Reading the book, Learned Pigs and Fireproof Women4, by the world’s greatest living magician, Ricky Jay, and then turning to Steven Shapin’s more serious treatise, The Scientific Revolution5, one quickly realizes the similarities between magic and science. Both can prove very entertaining; alter our perceptions of the world around us; tell us that what we see and believe possible might diverge; and put us in awe of their practitioners who demonstrate a mastery of the world and “secret” forces that we envy and wish we had, too.
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One can best appreciate the link-up between magic and science and the wisdom captured in the Arthur C. Clarke quote above, by rereading Mark Twain’s classic, A Connecticut Yankee in King Arthur’s Court.6 In Twain’s book, of course, late 19th century technology, e.g., electricity, firearms, was magic when transported to the England of King Arthur. Once there, it caused initially great good, but, eventually, despite the Yankee’s good intentions, became a force for destruction as it clashed with and ultimately lost to the established order, including the resentful wizard, Merlin.
In their very interesting volume, Professors Burton and Grandy observe that, “the propensity to think and dream big is common to both magic and science and may help explain their juxtaposition during the Renaissance. . . . some of the architects of early modern science were involved in magic.”7
This essay has a simple thesis. The interests in magic and science in Renaissance Europe sprung together from the need to make sense of and assert some authority over an environment that must have seemed spinning out of control to its inhabitants.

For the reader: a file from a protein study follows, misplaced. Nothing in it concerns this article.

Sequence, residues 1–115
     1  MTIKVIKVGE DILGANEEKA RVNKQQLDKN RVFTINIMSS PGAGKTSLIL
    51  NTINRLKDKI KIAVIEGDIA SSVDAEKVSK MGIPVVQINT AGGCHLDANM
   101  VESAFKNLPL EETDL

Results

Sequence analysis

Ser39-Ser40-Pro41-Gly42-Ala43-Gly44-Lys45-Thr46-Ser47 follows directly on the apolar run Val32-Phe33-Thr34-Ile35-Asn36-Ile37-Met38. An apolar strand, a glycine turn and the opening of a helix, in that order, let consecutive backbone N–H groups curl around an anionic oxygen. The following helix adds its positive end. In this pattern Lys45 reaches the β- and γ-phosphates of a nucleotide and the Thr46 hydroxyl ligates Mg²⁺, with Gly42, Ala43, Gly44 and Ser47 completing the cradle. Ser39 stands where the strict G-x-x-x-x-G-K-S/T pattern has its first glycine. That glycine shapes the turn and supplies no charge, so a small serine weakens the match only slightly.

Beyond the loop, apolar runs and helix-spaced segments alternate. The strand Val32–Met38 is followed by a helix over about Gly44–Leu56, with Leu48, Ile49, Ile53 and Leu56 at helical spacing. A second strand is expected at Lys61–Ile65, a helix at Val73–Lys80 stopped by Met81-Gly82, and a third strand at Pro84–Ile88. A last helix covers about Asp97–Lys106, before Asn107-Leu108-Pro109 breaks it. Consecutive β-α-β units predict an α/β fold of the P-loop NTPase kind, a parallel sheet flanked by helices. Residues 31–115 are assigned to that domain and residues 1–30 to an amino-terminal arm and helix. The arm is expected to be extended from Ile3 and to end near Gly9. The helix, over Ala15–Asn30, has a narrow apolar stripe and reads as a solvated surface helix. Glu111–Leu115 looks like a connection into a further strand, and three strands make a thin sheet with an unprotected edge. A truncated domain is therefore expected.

Traditional religion and long, very long established political, economic, and social structures and systems had begun to crumble, often violently, under the pressure of Gutenberg’s press — think of it as the internet of that day — the flood of rediscovered ancient knowledge that came via the refugees from Constantinople, and the inexorable rise of Protestantism and capitalism. With the amazing voyages of the great Spanish, Portuguese, Dutch, and English explorers, the “discovery” and colonization of the Americas (and its subsequent flood of gold and silver, which introduced huge distortions in the traditional European economies) and the increased contact with China, South and Southeast Asia, and Africa, the sheer complexity and even the physical size of the world had expanded dramatically. European society had experienced what economist Nassim Taleb might call a rapid series of “black swan” events, disconcerting and hard-to-predict developments beyond the realm of normal experience.8
With the change in his environment, Renaissance man, gradually, had begun to declare independence from God, or least from the iron-grip of His earthly representatives, and to assert himself as an autonomous actor in control of his own destiny. All this change and heightened freedom, came at the same time, however, as this new, proudly “independent” found that he still remained highly vulnerable to an impressive array of diseases, including plagues, and to the many other happiness- and life-ending whims that Mother Nature so charmingly exhibits just to remind all that she still rules the nest.
It should come as no surprise, therefore, that thinking persons–and even some not used that activity–would find themselves perplexed, wracked, and even tormented by doubts and fundamental questions. What’s happening? What does this mean? How do I make sense of it all? How do I predict it? How or even can I control or shape it? Who has The Answer — or least, an answer?
The Search for Answers
Two events came almost simultaneously in the mid-fifteenth century that produced lasting effect upon European civilization and the subsequent development of interest in magic and science: the 1451-52 appearance of Gutenberg’s moveable type press, and the 1453 fall to the Muslim Turks of Constantinople, capital of the ancient but decaying and shrinking Christian Byzantine Empire.